Amitabh Bachchan is the most famous actor of 1970s Hindi cinema and as the “angry young man” is emblematic of that era’s Emergency period. Adrian Athique (2012, 47) writes that,
“If the films of the 1950s had been characterized by the sympathetic portrayal of the ‘common man’ in rapidly urbanizing India, and the 1960s by the ‘romantic’ star, then the 1970s and 1980s were dominated by the rise of the vigilante genre.”
Bachchan starred in ten films between 1973 and 1982 written by Salim Khan and Javed Akhtar, in which his characters are traumatised as children and have little faith in the state or law (coincidentally, “bachchan” means “childlike” in colloquial Hindi). Such trauma, as in the 1973 film Deewar, often impels them to commit crime and seek revenge, sparking the era’s expanded production of violent action films. Film lore intimates that the 1975 blockbuster Sholay, released six weeks before the Emergency began, was allowed its violent sequences because of the close friendship between the Information and Broadcasting Minister Vidya Charan Shukla and its producer G.P. Sippy (Bose 2013). Nonetheless, director Ramesh Sippy (son of G.P. Sippy) was required to make cuts to numerous violent scenes, including the climactic finale.
Sholay was India’s highest grossing film of 1975 and of all time for the following two decades, running in Mumbai’s Minerva Cinema and elsewhere for five years from its release (Dissanayake and Sahai 1992). Widely characterised as a “masala/curry Western” Sholay is conventional of a “masala” blockbuster in combining conventions of the action, comedy, romance, melodrama, and adventure genres (Hariharan 1999). The plot features Bachchan as one of two thieves, Jai, alongside Veeru (Dharmendra). Their friendship is remembered fondly for the film song “Yeh dosti” (“This friendship”), which they sing to one another while riding a stolen motorcycle and sidecar, and which has been adopted by the Bharat Army (the Indian cricket team’s fanatic supporters) for its theme of masculine bonding. Veeru and Jai are enlisted by a retired police officer, Thakur Baldev Singh (Sanjeev Kumar), to capture the notorious dacoit (highway man or outlaw) Gabbar Singh (Amjad Khan). Gabbar Singh murdered Thakur’s family and cut off both Thakur’s arms, which are typically hidden under a shawl and only revealed to Veeru and Jai after Thakur is unable to defend them in a skirmish. Influenced aesthetically by the spaghetti Westerns playing in India through the 1960s, and like the plots of Akira Kurosawa’s Seven Samurai (1954), and John Sturges’ The Magnificent Seven (1960), Sholay involves the newcomers Jai and Veeru becoming increasingly imbricated with Thakur’s village, Ramnagar (built for the film), which they defend against dacoits who exploit the villagers for their grain. Veeru and Jai ascend from their criminal beginnings to protect the villagers they have fallen in love with, in particular Basanti (Hema Malini) and Radha (Jaya Bhadhuri, later Bachchan’s wife), and help Thakur to take revenge on Gabbar Singh.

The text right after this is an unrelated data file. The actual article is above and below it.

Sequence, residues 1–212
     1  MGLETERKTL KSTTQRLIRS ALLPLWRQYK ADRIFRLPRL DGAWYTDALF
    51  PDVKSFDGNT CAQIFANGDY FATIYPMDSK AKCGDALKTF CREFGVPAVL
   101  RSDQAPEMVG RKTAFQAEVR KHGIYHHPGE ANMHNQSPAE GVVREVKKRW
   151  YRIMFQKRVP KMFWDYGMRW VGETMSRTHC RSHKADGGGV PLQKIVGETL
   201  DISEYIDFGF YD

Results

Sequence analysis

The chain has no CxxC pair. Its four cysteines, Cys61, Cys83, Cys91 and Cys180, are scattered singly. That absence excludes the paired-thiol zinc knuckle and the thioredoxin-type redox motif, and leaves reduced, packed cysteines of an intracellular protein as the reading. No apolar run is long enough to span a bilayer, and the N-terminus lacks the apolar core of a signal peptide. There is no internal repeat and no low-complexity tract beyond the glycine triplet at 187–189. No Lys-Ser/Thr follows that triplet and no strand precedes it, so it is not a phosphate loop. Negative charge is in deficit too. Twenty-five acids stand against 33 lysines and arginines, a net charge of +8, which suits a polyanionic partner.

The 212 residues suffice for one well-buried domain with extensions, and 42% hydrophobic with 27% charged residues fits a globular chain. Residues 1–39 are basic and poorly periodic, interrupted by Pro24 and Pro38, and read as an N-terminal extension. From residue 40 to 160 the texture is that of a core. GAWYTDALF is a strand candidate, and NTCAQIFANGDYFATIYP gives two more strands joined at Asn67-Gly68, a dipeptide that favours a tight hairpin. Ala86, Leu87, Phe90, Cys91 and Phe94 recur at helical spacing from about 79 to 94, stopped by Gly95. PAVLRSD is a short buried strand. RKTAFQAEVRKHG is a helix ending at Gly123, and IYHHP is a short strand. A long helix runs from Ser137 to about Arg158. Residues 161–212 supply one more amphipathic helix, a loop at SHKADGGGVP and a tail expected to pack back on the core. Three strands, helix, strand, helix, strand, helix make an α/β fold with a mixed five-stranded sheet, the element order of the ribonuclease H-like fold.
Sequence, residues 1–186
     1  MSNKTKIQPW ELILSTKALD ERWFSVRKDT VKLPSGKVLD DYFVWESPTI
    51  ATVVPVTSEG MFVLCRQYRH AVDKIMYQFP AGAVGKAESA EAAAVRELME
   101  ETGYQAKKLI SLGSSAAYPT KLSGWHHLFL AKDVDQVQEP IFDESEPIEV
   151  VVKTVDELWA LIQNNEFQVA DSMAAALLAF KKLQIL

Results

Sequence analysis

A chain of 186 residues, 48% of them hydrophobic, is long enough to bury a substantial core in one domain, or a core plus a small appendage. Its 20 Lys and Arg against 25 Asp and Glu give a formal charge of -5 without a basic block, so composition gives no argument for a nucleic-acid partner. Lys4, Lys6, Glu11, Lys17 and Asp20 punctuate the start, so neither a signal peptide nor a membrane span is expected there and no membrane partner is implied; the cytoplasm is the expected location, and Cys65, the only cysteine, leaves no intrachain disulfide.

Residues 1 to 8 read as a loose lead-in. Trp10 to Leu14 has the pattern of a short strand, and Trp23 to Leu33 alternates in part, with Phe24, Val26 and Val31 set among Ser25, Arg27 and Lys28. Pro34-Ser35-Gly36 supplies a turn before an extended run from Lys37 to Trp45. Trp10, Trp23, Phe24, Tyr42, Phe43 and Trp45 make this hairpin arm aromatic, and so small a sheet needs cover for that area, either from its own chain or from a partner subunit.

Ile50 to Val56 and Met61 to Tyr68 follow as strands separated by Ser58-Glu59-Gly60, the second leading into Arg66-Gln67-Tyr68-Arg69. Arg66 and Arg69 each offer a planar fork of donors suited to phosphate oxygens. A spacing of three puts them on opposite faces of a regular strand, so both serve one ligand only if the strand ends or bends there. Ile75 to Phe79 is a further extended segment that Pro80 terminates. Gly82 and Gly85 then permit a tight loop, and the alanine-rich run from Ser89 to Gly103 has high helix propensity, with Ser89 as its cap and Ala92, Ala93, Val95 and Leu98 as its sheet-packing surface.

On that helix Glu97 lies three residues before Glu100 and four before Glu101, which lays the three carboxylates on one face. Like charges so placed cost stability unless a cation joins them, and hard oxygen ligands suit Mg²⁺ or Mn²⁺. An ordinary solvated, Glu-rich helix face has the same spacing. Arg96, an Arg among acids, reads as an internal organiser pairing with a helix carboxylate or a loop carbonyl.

Bachchan is memorialised in Sholay for his rugged masculinity fashioned in denim and flares. Alongside the happy-go-lucky Veeru, his character Jai was typical of his cynical “angry young man” persona, who sought justice outside of legitimate channels. For Jyotika Virdi, Bachchan’s roles as the angry young man represents Indian working class disenchantment in an era of rural to urban migration, the protracted all-India railway strike, the emergence of the Naxalite movement, food shortages, and inflation in commodity prices driven by the 1973 oil shocks:
“Always a subaltern figure – coal miner, dock worker, factory worker, porter, or slum dweller – the Bachchan figure challenged employers, factory owners, mafia men, and capitalist bosses either from his underdog position, or by rising to the top to vindicate past (inevitably familial) humiliation. . . . Unlike Raj Kapoor’s portrayal of earnest unemployed youth [in Shri 420], Bachchan played an urban ghetto product who barely concealed the rage simmering beneath a self-assured but melancholic persona.” (Virdi 2003, 107)
Echoing the move of Japan’s Shintaro Ishihara, Bachchan later pursued a political career, supporting his friend Rajiv Gandhi and winning the seat of his birthplace Allahabad, which he held from 1985 until his resignation in 1987. He reignited his acting and production career in the 1990s. Despite this, he is best known as the angry young man of the emergency period. – Liam Grealy
– Athique, A. (2012). Indian media: Global approaches. Cambridge: Polity Press.
– Bose, N. (2013). “We do not certify backwards”: Film censorship in postcolonial India. In D. Biltereyst & R. VandeWinkel (Eds.), Silencing cinema: Film censorship around the world (pp. 191-206). New York: Palgrave Macmillan.
– Chopra, A. (2011). Sholay: The making of a classic. New York: Penguin Books.
– Creekmur, C. (2005). Bombay boys: Dissolving the male child in popular Hindi cinema. In M. Pomerance & F. Gateward (Eds.), Where the boys Are: Cinemas of masculinity and youth (pp. 350-376). Detroit: Wayne State University Press.
– Dissanayake, W. and Sahai, M. (1992). Sholay, A Cultural Reading. Wimal Eastern.
– Hariharan, K. (1999). Revisiting Sholay a.k.a Flames of the Sun. Asian Cinema. 10(2): 151-154.